Kierkegaard's Writings, II: The Concept of Irony, with Continual Reference to Socrates/Notes of Schelling's Berlin Lectures / Edition 2

Kierkegaard's Writings, II: The Concept of Irony, with Continual Reference to Socrates/Notes of Schelling's Berlin Lectures / Edition 2

ISBN-10:
0691020728
ISBN-13:
9780691020723
Pub. Date:
01/27/1992
Publisher:
Princeton University Press
Select a Purchase Option (Reprint)
  • purchase options
    $50.80 $57.50 Save 12% Current price is $50.8, Original price is $57.5. You Save 12%.
  • purchase options
    $30.55 $57.50 Save 47% Current price is $30.55, Original price is $57.5. You Save 47%.
    icon-error
    Note: Access code and/or supplemental material are not guaranteed to be included with textbook rental or used textbook.
  • purchase options

Overview

Kierkegaard's Writings, II: The Concept of Irony, with Continual Reference to Socrates/Notes of Schelling's Berlin Lectures / Edition 2

A work that "not only treats of irony but is irony," wrote a contemporary reviewer of The Concept of Irony, with Continual Reference to Socrates. Presented here with Kierkegaard's notes of the celebrated Berlin lectures on "positive philosophy" by F.W.J. Schelling, the book is a seedbed of Kierkegaard's subsequent work, both stylistically and thematically. Part One concentrates on Socrates, the master ironist, as interpreted by Xenophon, Plato, and Aristophanes, with a word on Hegel and Hegelian categories. Part Two is a more synoptic discussion of the concept of irony in Kierkegaard's categories, with examples from other philosophers and with particular attention given to A. W. Schlegel's novel Lucinde as an epitome of romantic irony.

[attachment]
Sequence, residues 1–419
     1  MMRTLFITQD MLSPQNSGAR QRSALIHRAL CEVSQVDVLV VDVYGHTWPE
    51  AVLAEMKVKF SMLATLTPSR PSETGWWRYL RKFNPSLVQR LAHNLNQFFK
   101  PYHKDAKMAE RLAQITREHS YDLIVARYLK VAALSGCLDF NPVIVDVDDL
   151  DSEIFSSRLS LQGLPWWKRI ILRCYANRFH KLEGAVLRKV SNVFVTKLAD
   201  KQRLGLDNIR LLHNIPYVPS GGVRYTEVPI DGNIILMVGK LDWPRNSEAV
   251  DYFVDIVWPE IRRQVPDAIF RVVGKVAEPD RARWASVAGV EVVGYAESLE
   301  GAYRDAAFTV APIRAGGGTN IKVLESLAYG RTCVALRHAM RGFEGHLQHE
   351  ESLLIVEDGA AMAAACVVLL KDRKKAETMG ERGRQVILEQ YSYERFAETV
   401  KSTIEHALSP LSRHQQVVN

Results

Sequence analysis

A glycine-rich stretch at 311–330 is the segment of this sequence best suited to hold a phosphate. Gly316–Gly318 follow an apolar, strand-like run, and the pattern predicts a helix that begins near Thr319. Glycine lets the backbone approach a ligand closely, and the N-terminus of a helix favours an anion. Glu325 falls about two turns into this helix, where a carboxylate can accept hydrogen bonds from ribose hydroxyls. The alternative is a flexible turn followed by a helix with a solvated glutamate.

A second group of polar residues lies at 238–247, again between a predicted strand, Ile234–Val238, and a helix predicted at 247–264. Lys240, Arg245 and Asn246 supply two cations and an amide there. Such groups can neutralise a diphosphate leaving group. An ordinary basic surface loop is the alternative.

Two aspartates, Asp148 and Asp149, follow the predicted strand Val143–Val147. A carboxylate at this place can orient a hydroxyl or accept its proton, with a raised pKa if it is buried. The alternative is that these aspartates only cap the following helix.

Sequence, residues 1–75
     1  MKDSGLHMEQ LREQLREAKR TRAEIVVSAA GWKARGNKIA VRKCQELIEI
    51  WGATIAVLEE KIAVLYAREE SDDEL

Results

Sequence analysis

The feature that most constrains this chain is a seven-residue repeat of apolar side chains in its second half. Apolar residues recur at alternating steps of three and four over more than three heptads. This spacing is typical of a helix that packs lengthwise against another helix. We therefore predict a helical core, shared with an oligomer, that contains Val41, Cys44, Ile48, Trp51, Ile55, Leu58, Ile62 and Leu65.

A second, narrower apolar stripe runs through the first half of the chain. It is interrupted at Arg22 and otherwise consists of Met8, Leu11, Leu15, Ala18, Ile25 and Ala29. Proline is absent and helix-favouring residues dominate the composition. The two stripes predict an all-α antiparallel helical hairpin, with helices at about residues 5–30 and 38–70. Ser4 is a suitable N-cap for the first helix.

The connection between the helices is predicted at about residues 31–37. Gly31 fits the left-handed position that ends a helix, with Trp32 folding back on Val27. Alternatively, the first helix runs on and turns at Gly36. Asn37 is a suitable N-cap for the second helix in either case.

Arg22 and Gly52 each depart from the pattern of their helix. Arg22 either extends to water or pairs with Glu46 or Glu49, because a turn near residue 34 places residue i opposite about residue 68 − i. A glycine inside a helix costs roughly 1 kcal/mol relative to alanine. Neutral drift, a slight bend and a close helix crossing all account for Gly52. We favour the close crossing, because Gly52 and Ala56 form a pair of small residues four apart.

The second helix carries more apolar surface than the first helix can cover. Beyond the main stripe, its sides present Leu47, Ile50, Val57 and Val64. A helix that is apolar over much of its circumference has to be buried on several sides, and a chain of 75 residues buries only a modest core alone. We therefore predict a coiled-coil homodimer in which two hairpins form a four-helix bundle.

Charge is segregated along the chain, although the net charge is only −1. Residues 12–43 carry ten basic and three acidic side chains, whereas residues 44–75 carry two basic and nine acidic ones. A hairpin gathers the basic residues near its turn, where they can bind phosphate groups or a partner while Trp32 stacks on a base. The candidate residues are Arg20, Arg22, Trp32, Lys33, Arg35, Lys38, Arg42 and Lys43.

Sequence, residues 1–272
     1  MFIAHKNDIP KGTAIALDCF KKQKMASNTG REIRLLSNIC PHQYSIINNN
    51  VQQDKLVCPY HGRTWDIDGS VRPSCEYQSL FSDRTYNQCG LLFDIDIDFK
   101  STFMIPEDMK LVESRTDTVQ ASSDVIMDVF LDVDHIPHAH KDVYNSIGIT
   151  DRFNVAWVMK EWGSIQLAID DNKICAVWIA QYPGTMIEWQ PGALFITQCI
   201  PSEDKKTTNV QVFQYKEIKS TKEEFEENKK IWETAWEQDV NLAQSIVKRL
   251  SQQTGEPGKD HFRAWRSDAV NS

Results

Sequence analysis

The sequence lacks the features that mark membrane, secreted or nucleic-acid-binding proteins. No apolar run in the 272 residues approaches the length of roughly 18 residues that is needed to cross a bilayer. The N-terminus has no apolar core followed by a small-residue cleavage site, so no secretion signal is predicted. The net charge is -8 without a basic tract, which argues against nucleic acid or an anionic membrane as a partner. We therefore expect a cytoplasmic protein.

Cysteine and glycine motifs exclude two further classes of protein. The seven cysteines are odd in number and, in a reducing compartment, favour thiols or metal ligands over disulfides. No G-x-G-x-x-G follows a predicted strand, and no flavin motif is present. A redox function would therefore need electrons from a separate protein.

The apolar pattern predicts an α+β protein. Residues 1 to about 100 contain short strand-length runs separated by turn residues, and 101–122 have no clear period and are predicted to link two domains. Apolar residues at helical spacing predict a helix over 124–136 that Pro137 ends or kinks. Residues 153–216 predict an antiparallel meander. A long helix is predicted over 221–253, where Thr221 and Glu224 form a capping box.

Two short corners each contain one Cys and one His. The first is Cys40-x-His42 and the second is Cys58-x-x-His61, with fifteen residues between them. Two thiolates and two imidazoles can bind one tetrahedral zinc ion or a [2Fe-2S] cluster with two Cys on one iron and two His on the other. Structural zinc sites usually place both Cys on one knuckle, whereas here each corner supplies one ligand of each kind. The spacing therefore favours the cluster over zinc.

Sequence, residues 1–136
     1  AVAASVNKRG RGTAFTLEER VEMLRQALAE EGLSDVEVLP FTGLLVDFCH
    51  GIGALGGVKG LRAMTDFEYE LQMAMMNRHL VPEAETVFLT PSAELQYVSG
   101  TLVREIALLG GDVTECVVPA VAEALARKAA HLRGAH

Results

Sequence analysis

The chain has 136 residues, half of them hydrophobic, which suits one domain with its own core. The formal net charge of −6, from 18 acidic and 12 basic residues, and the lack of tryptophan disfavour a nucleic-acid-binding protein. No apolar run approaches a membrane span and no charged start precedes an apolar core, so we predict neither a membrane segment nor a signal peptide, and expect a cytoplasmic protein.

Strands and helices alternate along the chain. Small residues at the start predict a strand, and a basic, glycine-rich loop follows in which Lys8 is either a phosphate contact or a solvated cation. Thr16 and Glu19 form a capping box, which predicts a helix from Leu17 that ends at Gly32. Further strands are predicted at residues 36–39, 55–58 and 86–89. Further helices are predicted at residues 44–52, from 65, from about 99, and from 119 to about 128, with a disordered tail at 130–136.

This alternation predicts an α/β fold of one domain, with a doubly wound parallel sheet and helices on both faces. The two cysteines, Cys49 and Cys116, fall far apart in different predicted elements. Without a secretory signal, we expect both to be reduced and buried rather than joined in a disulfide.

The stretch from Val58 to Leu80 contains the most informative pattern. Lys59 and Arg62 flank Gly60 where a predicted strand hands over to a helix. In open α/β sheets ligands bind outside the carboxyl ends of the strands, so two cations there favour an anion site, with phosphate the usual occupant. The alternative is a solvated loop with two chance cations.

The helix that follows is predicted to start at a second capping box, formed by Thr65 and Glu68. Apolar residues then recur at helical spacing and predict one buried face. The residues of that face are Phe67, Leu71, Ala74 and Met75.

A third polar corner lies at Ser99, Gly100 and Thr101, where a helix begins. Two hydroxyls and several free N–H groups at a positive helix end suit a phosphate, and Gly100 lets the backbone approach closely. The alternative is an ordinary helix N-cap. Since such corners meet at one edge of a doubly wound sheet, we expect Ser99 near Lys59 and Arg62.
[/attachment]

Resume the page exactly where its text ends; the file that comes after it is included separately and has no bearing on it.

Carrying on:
The Concept of Irony and the Notes of Schelling's Berlin Lectures belong to the momentous year 1841, which included not only the completion of Kierkegaard's university work and his sojourn in Berlin, but also the end of his engagement to Regine Olsen and the initial writing of Either/Or.

Product Details

ISBN-13: 9780691020723
Publisher: Princeton University Press
Publication date: 01/27/1992
Series: Kierkegaard's Writings Series
Edition description: Reprint
Pages: 664
Product dimensions: 5.50(w) x 8.50(h) x 1.49(d)

Table of Contents

  • Frontmatter, pg. i
  • Contents, pg. v
  • Historical Introduction, pg. vii
  • The Concept of Irony, with Continual Reference to Socrates, pg. 1
  • Theses, pg. 5
  • Introduction, pg. 9
  • I. The View Made Possible, pg. 13
  • II. The Actualization of the View, pg. 157
  • III. The View Made Necessary, pg. 198
  • APPENDIX. Hegel's View of Socrates, pg. 219
  • Introduction, pg. 241
  • Observations for Orientation, pg. 246
  • The World-Historical Validity of Irony, the Irony of Socrates, pg. 259
  • Irony after Fichte, pg. 272
  • Irony as a Controlled Element, the Truth of Irony, pg. 324
  • Addendum. NOTES OF SCHELLING'S BERLIN LECTURES, pg. 331
  • Key to References, pg. 413
  • Original Title Pages of The Concept of Irony, pg. 416
  • Original First Page (manuscript) of Notes of Schelling's Berlin Lectures, pg. 420
  • Selected Entries from Kierkegaard's Journals and Papers Pertaining to The Concept of Irony, pg. 423
  • Acknowledgments, pg. 457
  • Collation of The Concept of Irony in the Danish Editions of Kierkegaard's Collected Works, pg. 461
  • NOTES, pg. 465
  • BIBLIOGRAPHICAL NOTE, pg. 597
  • INDEX, pg. 599

Customer Reviews

Most Helpful Customer Reviews

See All Customer Reviews